14 November 2018

Rwanda: Primary Leaving Exams End With Minor Cases of Malpractice

Photo: New Times
Education Minister Isaac Munyakazi distributes exam papers at GS Kacyiru I at the start of the exams.

Primary Leaving Examinations (PLE), which ended yesterday, were conducted smoothly despite some minor cases of malpractice, officials said yesterday.

Rwanda Investigations Bureau (RIB) said it had arrested four teachers for allegedly taking part in alleged malpractices.

Modeste Mbabazi, RIB spokesperson, said the quartet was arrested in connection with either helping students answer questions or answering questions for students.

"RIB investigators are investigating each case and the findings will inform the next course of action. Teachers should value exams and let students prove their ability during examinations, helping them to cheat is conterproductive," he said.

Police said that the security personnel deployed at all examination centres worked hard to ensure that Rwanda Education Board conducts incident free examinations.

Commissioner of Police John Bosco Kabera, the Police Spokesperson, also said that; "Exams went on peacefully and ended peacefully."

Kabera said the police will keep working closely with all stakeholders to guarantee security in the forthcoming O'Level and Advanced Level exams.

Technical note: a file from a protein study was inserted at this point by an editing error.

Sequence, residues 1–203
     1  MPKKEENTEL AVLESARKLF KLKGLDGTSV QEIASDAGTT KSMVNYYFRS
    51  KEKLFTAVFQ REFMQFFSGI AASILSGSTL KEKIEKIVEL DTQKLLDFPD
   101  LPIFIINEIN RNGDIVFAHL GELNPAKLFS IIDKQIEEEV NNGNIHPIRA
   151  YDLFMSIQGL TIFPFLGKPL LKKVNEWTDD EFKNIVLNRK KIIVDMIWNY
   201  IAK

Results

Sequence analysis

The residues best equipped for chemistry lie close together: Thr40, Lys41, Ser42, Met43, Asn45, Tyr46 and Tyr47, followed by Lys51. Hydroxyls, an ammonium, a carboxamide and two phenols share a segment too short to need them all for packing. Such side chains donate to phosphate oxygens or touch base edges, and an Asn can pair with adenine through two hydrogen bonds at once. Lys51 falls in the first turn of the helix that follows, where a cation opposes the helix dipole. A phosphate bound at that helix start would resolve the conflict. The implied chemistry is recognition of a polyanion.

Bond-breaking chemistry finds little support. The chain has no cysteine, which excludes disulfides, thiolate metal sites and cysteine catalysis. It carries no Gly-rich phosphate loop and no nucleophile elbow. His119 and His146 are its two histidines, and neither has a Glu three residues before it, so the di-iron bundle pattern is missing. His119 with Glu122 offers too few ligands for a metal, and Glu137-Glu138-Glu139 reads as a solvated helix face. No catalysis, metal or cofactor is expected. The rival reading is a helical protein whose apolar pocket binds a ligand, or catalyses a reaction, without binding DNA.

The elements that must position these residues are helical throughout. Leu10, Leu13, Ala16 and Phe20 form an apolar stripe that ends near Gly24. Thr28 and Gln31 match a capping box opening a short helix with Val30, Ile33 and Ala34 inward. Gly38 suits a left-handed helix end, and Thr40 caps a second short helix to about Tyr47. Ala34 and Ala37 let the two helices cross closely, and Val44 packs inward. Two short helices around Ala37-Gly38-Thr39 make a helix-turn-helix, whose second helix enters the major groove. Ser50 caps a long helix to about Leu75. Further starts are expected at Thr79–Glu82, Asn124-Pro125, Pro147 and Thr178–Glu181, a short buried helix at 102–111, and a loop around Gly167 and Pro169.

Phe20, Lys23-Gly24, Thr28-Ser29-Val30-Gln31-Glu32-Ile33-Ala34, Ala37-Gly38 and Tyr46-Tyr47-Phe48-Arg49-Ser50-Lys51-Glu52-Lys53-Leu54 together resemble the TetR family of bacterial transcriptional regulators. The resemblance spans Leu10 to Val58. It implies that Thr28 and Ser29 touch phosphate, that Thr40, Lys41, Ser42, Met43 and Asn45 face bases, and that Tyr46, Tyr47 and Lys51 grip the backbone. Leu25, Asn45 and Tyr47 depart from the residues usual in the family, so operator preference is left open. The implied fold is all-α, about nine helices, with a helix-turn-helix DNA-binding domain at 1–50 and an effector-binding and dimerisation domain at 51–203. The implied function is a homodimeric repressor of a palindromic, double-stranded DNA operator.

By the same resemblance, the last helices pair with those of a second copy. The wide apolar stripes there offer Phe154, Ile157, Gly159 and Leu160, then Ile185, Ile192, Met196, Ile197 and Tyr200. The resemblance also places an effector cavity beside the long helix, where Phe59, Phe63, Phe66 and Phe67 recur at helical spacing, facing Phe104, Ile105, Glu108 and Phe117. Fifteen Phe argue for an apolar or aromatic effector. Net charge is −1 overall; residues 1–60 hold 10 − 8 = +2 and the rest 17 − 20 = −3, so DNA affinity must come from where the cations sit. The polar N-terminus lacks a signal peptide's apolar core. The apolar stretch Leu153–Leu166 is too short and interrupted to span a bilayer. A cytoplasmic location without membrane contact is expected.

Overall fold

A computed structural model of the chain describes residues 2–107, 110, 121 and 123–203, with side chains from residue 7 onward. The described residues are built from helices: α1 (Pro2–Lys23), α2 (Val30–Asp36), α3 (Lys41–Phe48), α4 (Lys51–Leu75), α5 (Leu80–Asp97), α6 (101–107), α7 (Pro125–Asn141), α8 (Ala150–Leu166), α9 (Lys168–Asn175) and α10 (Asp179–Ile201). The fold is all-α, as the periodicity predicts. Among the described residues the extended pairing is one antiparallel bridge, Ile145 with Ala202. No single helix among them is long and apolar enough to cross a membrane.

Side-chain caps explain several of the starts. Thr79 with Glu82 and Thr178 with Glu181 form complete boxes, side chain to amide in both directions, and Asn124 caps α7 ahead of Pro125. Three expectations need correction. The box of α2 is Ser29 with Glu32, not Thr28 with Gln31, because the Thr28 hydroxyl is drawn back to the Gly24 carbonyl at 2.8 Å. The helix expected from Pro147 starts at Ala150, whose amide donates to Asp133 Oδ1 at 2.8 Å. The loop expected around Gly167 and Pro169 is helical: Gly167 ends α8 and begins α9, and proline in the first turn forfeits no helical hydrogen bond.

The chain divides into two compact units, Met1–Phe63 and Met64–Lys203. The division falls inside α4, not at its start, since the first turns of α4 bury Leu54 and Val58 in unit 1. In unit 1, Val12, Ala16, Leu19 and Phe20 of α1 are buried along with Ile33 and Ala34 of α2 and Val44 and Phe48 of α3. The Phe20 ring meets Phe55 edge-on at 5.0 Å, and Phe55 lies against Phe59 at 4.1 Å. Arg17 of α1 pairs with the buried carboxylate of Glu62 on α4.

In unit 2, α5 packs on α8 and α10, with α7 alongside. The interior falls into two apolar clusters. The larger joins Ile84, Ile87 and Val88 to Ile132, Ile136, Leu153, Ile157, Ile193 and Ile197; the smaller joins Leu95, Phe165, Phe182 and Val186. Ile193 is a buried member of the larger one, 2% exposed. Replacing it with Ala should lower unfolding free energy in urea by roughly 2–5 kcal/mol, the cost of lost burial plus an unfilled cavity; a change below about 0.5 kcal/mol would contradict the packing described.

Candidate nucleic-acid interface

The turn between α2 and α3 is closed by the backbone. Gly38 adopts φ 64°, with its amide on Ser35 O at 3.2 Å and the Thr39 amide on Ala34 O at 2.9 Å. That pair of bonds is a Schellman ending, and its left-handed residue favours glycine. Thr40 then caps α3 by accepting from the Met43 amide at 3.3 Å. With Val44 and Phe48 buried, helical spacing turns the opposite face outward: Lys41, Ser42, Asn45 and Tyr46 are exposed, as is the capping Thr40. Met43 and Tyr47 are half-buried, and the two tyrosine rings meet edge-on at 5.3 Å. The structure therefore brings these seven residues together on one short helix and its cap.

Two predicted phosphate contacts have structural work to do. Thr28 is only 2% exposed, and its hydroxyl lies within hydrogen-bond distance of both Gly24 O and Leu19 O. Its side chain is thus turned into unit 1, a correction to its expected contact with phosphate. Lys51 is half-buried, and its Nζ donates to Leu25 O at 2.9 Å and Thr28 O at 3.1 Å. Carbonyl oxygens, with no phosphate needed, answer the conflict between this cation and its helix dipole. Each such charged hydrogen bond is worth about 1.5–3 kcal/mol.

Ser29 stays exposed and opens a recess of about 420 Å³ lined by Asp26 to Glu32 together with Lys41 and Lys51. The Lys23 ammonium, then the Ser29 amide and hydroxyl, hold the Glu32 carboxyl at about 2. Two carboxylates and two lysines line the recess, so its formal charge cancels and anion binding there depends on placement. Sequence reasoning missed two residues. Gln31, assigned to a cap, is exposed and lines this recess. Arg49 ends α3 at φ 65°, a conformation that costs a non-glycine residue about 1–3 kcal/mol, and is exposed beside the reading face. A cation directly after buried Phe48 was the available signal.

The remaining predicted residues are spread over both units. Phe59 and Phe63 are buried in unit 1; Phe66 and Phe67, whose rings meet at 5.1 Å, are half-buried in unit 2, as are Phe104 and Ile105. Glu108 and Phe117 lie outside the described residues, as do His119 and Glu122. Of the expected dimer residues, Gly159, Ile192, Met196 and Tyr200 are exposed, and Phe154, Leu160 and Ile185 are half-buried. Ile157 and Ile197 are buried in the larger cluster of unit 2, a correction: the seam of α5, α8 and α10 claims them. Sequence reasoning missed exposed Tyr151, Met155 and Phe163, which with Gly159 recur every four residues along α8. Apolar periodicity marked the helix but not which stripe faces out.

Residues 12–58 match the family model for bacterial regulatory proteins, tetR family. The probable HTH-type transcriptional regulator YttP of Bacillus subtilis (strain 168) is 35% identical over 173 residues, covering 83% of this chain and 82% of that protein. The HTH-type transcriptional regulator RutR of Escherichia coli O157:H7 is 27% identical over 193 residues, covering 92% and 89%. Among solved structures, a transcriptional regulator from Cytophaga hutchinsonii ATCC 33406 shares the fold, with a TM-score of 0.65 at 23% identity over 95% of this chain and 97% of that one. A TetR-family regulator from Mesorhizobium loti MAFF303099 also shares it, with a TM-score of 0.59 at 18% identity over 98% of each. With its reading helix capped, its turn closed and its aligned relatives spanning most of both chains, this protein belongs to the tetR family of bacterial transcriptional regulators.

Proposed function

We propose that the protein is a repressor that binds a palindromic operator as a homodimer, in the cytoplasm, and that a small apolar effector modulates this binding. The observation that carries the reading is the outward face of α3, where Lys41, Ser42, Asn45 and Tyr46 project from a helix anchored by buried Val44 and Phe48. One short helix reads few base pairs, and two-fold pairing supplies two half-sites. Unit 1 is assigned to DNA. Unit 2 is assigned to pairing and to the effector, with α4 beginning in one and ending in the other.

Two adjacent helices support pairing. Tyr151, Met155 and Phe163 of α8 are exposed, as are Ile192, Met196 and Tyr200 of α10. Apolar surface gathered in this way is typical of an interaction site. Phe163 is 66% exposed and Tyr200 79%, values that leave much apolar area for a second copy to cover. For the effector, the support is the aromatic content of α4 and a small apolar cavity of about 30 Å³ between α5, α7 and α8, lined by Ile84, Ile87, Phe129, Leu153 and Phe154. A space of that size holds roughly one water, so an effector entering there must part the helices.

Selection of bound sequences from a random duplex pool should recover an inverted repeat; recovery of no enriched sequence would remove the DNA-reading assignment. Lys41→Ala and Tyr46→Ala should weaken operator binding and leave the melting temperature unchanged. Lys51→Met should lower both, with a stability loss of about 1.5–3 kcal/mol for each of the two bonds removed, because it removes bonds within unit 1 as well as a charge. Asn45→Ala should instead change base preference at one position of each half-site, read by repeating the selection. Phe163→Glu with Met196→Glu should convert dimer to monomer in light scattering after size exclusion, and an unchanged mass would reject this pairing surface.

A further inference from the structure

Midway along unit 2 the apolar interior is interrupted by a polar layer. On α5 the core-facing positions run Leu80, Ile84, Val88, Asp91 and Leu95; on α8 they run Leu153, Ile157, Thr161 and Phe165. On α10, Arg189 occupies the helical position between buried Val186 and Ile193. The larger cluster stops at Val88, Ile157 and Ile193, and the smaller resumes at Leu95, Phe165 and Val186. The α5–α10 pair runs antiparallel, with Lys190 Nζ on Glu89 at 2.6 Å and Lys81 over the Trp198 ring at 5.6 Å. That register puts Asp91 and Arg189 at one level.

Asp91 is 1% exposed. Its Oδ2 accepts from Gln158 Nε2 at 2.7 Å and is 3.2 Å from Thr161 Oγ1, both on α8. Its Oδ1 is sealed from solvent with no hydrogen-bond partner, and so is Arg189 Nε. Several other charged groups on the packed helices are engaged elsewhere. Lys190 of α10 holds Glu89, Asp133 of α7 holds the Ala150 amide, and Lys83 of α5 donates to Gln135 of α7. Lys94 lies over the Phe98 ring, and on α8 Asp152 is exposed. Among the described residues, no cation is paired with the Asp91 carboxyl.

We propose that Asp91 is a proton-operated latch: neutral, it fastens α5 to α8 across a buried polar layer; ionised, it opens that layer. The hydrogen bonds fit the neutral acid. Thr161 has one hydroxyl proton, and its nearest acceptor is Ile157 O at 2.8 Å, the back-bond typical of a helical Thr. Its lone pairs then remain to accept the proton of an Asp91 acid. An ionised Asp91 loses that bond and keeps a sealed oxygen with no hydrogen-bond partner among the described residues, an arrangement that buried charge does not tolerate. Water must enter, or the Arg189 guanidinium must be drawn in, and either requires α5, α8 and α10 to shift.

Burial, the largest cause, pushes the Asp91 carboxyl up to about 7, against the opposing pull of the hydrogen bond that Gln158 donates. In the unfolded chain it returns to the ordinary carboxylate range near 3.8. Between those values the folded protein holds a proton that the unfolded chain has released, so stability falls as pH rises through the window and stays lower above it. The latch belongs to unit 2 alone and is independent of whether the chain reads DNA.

"It is the normal annual event and therefore, there is nothing new that we are expecting in the forthcoming exams as far as security is concerned, police personnel are ready to do their job," Kabera said.

Some candidates who sat for the just-concluded exams expressed optimism to get positive results.

Denise Abayisenga, 14, from GS Remera in Kigali, said the exams went well despite complications in some subjects.

"All exams went well. Some papers were somehow tough. STE (Elementary Science and Technology) was hard and in Social Studies we were asked questions which we did not learn, I sometimes had to guess the answers," she said.

This is the first time candidates are sitting exams in line with the new Competency Based Curriculum (CBC), which was launched three years ago.

"I, however, have hope to pass the exams though I may not excel in all the subjects. I have hope that I will get enrolled in a boarding school and perform well to become a medical doctor in the future," Abayisenga added.

This year, 255,578 candidates registered for PLE exams.

Candidates started with Mathematics and Social Studies on Monday before doing STE on Tuesday and English and Kinyarwanda languages on Wednesday.

Marking the exams will start in December followed by grading and placement in O'Level. PLE and O'Level results will be released in the first week of January and A'Level results weeks later, according to REB officials.

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